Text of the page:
GPU-accelerated image processing in napari using OpenCL
The py-clEsperanto-assistant is a yet experimental napari plugin for building GPU-accelerated image processing workflows. It is part of the clEsperanto project and thus, aims at removing programming language related barriers between image processing ecosystems in the life sciences. It uses pyclesperanto and with that pyopencl as backend for processing images. This plugin was generated with Cookiecutter using with napari's cookiecutter-napari-plugin template.
It is recommended to install the assistant via conda:
conda create --name bio11 python==3.8.5 conda activate bio11 conda install -c conda-forge pyopencl pip install napari-pyclesperanto-assistant pip install "napari[all]"
Alternatively, you can install the assistant using napari's plugin installer in the menu
Plugins > Install/uninstall Packages.
Windows users should paste this URL
in this field and click on
Install before proceeding:
Afterwards, click install clEsperanto like by clicking on
You can then start napari, e.g. from command line, and find the assistant in the
Also consider installing napari-workflow-inspector for visualizing the workflows you build using the assistant:
pip install napari-workflow-inspector
pyclesperanto offers various possibilities for processing images. It comes from developers who work in life sciences and thus, it may be focused towards processing two- and three-dimensional microscopy image data showing cells and tissues. A selection of pyclesperanto's functionality is available via the assistant user interface. Typical workflows which can be built with this assistant include
- image filtering
- denoising / noise reduction (mean, median, Gaussian blur)
- background subtraction for uneven illumination or out-of-focus light (bottom-hat, top-hat, subtract Gaussian background)
- grey value morphology (local minimum, maximum. variance)
- gamma correction
- Laplace operator
- Sobel operator
- combining images
- image math (adding, subtracting, multiplying, dividing images)
- absolute / squared difference
- image transformations
- reduce stack
- image projections
- minimum / mean / maximum / sum / standard deviation projections
- image segmentation
- binarization (thresholding, local maxima detection)
- instance segmentation
- semantic segmentation
- detect label edges
- label spots
- connected component labeling
- post-processing of binary images
- binary opening
- binary closing
- binary and / or / xor
- post-processing of label images
- dilation (expansion) of labels
- extend labels via Voronoi
- exclude labels on edges
- exclude labels within / out of size / value range
- merge touching labels
- parametric maps
- proximal / touching neighbor count
- distance measurements to touching / proximal / n-nearest neighbors
- pixel count map
- mean / maximum / extension ratio map
- label measurements / post processing of parametric maps
- minimum / mean / maximum / standard deviation intensity maps
- minimum / mean / maximum / standard deviation of touching / n-nearest / neighbors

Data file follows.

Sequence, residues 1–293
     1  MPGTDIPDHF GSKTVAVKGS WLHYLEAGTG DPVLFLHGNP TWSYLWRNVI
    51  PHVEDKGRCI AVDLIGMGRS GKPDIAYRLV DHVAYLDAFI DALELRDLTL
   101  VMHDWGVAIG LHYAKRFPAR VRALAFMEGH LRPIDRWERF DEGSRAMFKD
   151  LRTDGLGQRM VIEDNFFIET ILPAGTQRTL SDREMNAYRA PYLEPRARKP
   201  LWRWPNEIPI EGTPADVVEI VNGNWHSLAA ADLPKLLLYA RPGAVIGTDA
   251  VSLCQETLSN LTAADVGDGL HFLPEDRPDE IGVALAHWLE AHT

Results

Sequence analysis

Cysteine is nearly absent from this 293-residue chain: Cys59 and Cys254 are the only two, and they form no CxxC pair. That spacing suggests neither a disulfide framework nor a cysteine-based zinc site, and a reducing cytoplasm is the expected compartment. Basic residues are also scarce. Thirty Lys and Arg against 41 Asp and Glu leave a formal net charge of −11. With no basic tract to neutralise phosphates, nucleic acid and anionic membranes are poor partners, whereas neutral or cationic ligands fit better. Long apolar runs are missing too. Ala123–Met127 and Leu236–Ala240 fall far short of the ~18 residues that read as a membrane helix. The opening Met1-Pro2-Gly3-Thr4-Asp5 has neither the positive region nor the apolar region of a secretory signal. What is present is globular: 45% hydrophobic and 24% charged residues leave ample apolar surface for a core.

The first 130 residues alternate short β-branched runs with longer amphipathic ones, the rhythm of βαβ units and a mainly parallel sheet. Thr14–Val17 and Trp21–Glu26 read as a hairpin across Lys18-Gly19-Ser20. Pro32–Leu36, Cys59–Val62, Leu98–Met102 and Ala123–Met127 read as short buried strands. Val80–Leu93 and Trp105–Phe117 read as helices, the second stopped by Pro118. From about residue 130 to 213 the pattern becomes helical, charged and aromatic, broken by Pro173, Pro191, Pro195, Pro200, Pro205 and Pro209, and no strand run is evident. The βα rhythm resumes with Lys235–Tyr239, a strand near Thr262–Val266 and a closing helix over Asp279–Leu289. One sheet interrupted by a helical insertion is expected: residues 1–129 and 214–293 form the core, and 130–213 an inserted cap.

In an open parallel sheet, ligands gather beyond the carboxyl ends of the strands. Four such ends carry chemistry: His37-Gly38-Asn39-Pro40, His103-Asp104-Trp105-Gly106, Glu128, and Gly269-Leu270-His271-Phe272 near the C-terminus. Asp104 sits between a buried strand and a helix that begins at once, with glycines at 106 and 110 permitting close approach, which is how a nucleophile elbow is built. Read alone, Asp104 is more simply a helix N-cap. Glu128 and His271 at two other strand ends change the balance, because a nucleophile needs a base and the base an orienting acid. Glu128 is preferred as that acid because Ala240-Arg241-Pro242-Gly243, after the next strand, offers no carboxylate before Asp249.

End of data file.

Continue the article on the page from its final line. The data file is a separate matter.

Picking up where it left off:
- neighbor meshes
- touching neighbors
- n-nearest neighbors
- proximal neighbors
- distance meshes
- measurements based on label images
- bounding box 2D / 3D
- minimum / mean / maximum / sum / standard deviation intensity
- center of mass
- mean / maximum distance to centroid (and extension ratio shape descriptor)
- mean / maximum distance to center of mass (and extension ratio shape descriptor)
- code export
- python / Fiji-compatible jython
- python jupyter notebooks
- pyclesperanto scripting
- cell segmentation
- cell counting
- cell differentiation
- tissue classification
Start up the assistant
Start up napari, e.g. from the command line:
Load example data, e.g. from the menu
File > Open Samples > clEsperanto > CalibZAPWfixed and
start the assistant from the menu
Plugins > clEsperanto > Assistant. Select a GPU in case you are asked to.
In case of two dimensional timelapse data, an initial conversion step might be necessary depending on your data source.
Click the menu
Plugins > clEsperanto > Convert to 2d timelapse. In the dialog, select the dataset and click ok.
You can delete the original dataset afterwards:
Set up a workflow
Choose categories of operations in the top right panel, for example start with denoising using a Gaussian Blur with sigma 1 in x and y.
Continue with background removal using the top-hat filter with radius 5 in x and y.
For labeling the objects, use Voronoi-Otsu-Labeling with both sigma parameters set to 2.
The labeled objects can be extended using a Voronoi diagram to derive a estimations of cell boundaries.
You can then configure napari to show the label boundaries on top of the original image:
When your workflow is set up, click the play button below your dataset:
You can also export your workflow as Python/Jython code or as notebook.
After exporting your workflow as Jupyter notebook, you can start the notebook from the command line using
jupyter notebook my_notebook.ipynb
In some cases you need to replace the command
cle.imread('None)` with a command loading your image data.
After that, you can execute the notebook.
Alternatively, you can also generate code and edit it directly in the Script Editor. Therefore, the napari-script-editor must be installed.
Also note: The generated python/jython code is not capable of processing timelapse data, you need to program a for-loop processing timepoints individually yourself. See also this notebook for how to do this.
Work in progress, contributions welcome.
Getting the recent code from github and locally installing it
git clone https://github.com/clesperanto/napari_pyclesperanto_assistant.git pip install -e ./napari_pyclesperanto_assistant
Optional: Also install pyclesperantos recent source code from github:
git clone https://github.com/clEsperanto/pyclesperanto_prototype.git pip install -e ./pyclesperanto_prototype
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